The impression that Weld made at this competition was arguably a defining moment in opening the eyes of the American skating community to the fact that women were every bit as competitive as the men. By the next year at the same event, a reporter in The Bridgeport Times noted that the chance of any man unseating Weld "were very slim. In neither the school or free figures [do] the men skaters display the airy grace, delicate tracery and effortless movements shown by the women."

Had history taken a different trajectory, had the competition format of the Hippodrome Challenge Cup and the early days of the World Figure Skating Championships remained and men and women continued to compete against one another, what would the sport look like today? With the emphasis on points, on quadruple jumps, would fewer women be encouraged to take up the sport? Or would fewer men have taken to the ice, discouraged by losses to women? We'll never know.

Skate Guard is a blog dedicated to preserving the rich, colourful and fascinating history of figure skating and archives hundreds of compelling features and interviews in a searchable format for readers worldwide. Though there never has been nor will there be a charge for access to these resources, you taking the time to 'like' on the blog's Facebook page at http://www.facebook.com/SkateGuard would be so very much appreciated. Already 'liking'? Consider sharing this feature for others via social media. It would make all the difference in the blog reaching a wider audience. Have a question or comment regarding anything you have read here or have a suggestion for a topic related to figure skating history you would like to see covered? I'd love to hear from you! Learn the many ways you can reach out at http://skateguard1.blogspot.ca/p/contact.html.

Tuesday, 6 September 2016

Dansants a Glace: Ice-Teas At The Hippodrome


In the mid 1910's, a unique skating craze became all of the rage among members of New York City's high society. Irving and Lucille Brokaw, who were at the forefront of the New York skating scene of the time, took it upon themselves to rent the Hippodrome Theater from Charles Dillingham and throw lavish afternoon skating parties on its icy stage called Dansants a Glace or alternately, Ice-Teas. These small, very exclusive affairs would have catered to the most affluent skaters at the St. Nicholas Rink and would have been a welcome alternative to regular skating sessions which sometimes packed the ice with up to eight hundred people at a time.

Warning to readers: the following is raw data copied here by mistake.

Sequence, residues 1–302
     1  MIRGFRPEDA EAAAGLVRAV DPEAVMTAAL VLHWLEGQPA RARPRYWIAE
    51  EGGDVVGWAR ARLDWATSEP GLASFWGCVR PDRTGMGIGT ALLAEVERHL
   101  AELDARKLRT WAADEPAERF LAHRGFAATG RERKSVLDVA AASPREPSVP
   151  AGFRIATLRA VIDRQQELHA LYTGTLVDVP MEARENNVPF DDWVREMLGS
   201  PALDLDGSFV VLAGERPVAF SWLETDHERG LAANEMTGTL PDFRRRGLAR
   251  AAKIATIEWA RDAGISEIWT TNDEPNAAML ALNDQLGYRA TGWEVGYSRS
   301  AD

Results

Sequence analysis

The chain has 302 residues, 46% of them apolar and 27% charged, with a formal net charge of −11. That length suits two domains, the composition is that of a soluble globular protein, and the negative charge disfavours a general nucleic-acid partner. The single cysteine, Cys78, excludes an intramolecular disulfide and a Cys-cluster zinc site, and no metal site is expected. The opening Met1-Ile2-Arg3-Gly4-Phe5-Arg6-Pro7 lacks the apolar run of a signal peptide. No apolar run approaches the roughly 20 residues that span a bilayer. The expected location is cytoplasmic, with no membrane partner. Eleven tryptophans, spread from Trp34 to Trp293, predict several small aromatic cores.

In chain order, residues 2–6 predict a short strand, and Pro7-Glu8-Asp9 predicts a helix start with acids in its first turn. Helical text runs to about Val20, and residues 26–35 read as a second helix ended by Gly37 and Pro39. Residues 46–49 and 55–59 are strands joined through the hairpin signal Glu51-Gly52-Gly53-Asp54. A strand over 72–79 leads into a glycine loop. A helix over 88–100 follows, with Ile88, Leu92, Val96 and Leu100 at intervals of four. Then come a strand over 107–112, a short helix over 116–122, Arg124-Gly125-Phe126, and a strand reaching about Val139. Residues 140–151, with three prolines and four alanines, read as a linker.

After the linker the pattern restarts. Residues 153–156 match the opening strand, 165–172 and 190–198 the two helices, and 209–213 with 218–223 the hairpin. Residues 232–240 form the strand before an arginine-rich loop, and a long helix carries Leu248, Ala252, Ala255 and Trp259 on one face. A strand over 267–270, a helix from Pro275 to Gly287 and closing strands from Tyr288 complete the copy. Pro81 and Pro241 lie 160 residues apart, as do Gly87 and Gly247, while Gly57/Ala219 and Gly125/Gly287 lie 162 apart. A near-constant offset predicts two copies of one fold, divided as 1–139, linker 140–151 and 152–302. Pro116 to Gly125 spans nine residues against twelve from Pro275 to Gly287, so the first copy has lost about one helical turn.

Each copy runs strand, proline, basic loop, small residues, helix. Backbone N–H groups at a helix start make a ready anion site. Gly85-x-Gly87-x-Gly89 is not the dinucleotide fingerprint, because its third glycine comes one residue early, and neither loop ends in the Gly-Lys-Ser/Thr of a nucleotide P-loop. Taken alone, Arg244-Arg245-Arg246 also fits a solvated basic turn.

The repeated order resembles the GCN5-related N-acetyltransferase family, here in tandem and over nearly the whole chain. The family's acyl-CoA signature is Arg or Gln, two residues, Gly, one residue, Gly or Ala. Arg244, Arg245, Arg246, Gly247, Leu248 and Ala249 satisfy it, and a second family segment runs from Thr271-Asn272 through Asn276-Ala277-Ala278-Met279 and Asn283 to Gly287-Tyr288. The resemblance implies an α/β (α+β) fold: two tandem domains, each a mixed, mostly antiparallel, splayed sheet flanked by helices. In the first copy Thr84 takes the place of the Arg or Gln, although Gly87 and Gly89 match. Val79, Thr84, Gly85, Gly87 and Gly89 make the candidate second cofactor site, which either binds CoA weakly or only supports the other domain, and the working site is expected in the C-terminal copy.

Left: Irving Brokaw and his wife Lucille; Right: Irving Brokaw and ice dance partner Hala Kosloff

The Sunday, December 12, 1915 edition of the "Richmond Times-Dispatcher" tells us that "on these occasions, the guests of the Brokaw's to the number of about 100 participated in the general ice-dancing and were then entertained by Mr. Brokaw, probably the most accomplished amateur figure-skater in the world, Lawrence Waterbury, of polo fame, and Raynham Townshend, of New Haven, who gave a special exhibition of fancy-skating, their partners being the famous Hippodrome professionals Charlotte, Katy Schmidt and Ellen Dallerup. A large contingent of Boston society folk were present, bringing with them Mr .and Mrs. Muller, the German professional skaters, who have been engaged by the Boston Skating Club to teach Back Bay folk the new accomplishment. The New York guests included Mrs. O.H.P. Belmont. Mr. and Mrs. Oliver Harrinian. Mr. and Mrs. Elbert H. Gary. Mr. and Mrs. Arthur Scott Burden, Mr. and Mrs. W.K. Vanderbilt, Mrs. Barger-Wallach, Mr. Foxhall P. Keene, and a host of others equally prominent in social circles." Much in the style of Hyacinth Bucket's 'candlelight suppers', tea and light refreshments were served.